Tapping into the current craze for all things Tudor, I’ll kick off with some memories of seeing the RSC’s Wolf Hall at the Aldwych Theatre in September 2014. My anticipation about seeing this production was as large as one of Henry VIII’s codpieces and I’m happy to say, I was not unsatisfied (unlike most of Henry’s wives…)
A trio of memorable performances from Ben Miles (Thomas Cromwell), Nathaniel Parker (Henry VIII) and Lydia Leonard (Anne Boleyn) provided a strong focus round which the rest of the excellent cast and the director, Jeremy Herrin, created a dark, treacherous world where life was cheap and all were in thrall to the monarch. Parker was especially effective in conveying Henry’s petulant side and his terrifying capriciousness.
Ben Miles gave a charismatic performance, his persuasive subtle manner in the King’s court never totally eradicating Cromwell’s shady past and rough upbringing. This was undoubtably a man who could slip a dagger between someone’s ribs just as easily as he could slip reassuring words into Henry’s ears.
The precarious position of women in the Tudor court, at the mercy of husbands, fathers, uncles and brothers came across strongly. Lucy Briers was dignified and steely as Katherine of Aragon, implacable in her belief that she and Henry remained married. She was matched in implacability by Lydia Leonard as Anne, utterly single-minded in her goal to become Queen of England. Cross her at your peril, Cromwell, and God help you if you don’t deliver what she wants…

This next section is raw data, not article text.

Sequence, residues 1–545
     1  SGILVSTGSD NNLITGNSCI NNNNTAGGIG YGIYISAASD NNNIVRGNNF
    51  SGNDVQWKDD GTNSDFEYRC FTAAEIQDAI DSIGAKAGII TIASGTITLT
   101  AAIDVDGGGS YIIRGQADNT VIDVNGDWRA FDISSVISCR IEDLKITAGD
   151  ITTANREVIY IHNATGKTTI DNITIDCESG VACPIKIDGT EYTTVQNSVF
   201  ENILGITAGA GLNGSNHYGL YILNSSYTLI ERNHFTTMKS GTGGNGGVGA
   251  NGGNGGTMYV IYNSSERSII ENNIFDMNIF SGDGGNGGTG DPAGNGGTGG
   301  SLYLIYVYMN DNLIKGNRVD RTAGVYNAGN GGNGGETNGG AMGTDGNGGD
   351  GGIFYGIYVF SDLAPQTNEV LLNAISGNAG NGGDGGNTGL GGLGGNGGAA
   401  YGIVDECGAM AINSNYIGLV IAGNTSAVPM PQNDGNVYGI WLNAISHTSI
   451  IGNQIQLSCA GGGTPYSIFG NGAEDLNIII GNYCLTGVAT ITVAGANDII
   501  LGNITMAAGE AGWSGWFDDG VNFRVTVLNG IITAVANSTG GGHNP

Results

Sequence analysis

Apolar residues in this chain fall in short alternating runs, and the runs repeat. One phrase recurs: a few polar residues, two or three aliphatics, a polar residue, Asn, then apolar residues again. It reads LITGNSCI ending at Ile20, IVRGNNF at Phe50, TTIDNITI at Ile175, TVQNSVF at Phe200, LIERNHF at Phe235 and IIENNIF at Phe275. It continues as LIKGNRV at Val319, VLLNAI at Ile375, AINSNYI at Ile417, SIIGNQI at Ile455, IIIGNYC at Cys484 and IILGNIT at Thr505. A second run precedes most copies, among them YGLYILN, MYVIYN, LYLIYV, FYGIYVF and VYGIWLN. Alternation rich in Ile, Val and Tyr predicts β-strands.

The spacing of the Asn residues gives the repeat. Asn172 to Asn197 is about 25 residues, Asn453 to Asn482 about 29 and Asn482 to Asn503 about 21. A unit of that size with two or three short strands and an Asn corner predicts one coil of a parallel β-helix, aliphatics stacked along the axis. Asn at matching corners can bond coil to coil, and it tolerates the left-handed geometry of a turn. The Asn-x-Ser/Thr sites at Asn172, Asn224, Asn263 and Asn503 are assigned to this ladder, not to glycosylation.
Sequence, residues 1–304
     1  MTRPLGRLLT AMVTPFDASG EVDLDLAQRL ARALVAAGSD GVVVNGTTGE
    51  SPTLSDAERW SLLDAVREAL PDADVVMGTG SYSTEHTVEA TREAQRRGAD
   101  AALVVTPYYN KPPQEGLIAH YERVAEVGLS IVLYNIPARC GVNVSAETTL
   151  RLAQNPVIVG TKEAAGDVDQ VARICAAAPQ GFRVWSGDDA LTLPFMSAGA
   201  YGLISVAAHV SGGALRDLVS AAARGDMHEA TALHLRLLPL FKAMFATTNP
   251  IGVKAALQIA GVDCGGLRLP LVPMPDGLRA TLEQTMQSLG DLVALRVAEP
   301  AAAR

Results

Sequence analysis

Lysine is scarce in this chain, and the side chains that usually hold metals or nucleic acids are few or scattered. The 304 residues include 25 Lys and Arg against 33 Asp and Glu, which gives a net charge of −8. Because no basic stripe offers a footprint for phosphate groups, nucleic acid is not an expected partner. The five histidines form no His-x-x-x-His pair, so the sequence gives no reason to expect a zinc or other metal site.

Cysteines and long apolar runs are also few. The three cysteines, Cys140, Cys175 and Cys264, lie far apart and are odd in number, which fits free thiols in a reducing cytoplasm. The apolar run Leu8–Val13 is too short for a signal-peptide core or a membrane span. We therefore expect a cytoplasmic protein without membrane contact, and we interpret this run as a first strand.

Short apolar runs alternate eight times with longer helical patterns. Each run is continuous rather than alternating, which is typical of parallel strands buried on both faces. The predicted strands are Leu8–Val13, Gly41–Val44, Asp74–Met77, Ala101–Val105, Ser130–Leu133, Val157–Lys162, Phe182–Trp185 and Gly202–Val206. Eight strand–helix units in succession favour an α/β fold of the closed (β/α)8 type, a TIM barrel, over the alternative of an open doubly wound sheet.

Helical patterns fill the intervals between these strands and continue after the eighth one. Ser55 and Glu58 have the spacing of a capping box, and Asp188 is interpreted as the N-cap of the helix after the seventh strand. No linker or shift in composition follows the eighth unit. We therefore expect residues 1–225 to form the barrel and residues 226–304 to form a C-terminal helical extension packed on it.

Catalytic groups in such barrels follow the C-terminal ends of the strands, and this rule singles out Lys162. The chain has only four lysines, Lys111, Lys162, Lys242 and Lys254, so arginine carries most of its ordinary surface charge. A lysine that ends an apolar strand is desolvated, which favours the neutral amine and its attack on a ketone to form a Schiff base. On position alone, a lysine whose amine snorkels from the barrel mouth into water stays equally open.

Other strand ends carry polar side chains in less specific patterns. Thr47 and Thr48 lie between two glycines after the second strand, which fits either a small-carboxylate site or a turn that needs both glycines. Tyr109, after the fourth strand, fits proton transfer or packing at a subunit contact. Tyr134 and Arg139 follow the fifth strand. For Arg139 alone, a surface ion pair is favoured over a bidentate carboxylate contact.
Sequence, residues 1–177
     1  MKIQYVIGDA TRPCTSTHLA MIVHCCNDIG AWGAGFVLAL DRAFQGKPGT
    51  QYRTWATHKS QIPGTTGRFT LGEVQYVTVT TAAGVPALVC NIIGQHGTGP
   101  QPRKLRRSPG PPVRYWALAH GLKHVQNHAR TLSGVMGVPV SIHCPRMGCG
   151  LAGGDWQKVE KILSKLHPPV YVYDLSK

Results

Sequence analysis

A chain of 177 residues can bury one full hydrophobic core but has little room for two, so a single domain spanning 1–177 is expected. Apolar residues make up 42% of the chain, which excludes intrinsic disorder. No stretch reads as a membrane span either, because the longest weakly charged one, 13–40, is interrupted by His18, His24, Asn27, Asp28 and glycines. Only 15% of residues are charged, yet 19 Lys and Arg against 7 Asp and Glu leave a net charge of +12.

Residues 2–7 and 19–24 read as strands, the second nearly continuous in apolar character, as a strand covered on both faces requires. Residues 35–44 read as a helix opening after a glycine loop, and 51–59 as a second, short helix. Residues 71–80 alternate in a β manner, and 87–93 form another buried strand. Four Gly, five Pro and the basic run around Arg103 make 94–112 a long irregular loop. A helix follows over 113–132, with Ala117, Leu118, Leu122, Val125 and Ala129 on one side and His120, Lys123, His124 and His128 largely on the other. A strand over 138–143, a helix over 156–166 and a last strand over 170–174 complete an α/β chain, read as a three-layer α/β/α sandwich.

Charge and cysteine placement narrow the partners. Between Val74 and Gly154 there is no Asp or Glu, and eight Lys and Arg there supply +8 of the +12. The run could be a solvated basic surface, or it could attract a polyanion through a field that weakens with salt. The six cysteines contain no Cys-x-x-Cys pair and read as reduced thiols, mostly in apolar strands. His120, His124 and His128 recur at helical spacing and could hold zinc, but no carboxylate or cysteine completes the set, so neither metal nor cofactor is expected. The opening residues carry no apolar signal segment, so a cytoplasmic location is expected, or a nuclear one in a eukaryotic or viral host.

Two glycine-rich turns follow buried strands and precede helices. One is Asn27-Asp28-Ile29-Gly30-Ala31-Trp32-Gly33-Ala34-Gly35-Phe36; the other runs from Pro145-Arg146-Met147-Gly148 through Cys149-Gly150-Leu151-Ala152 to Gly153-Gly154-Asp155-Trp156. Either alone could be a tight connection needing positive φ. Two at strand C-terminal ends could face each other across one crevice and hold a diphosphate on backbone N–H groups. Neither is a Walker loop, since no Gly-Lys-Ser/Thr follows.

Anne’s glittering dresses and the jewel coloured gowns worn by her women courtiers contrasted with the dark heavy robes of Henry’s aristocratic advisers. The stark set was subtly lit, with creative touches, like fireplaces emerging from the floor. Both set and costumes were designed by Christopher Oram, creating a completely believable complex, claustrophobic court.
Having read Hilary Mantel’s original novel, I was intrigued to see how the book, which is written from Cromwell’s internal perspective, could be successfully adapted for action on stage. Mike Poulton did a tremendous job, using dark humour at times which I did not remember from the book but which was certainly appreciated, especially when Mark Smeaton and his lute were told where to go in no uncertain terms by an exasperated Cromwell…
A particularly memorable scene was the masque put on by young courtiers mocking Cromwell’s beloved Cardinal Wolsey, portraying him as the Devil, complete with flames. I am always a sucker for ‘play within a play’ scenes – thanks to early exposure to Bottom and the Mechanicals in ‘A Midsummer Night’s Dream’ – so this was one of my favourite moments, as well as all the courtly dancing scenes (never mind what Smeaton was doing with his lute…)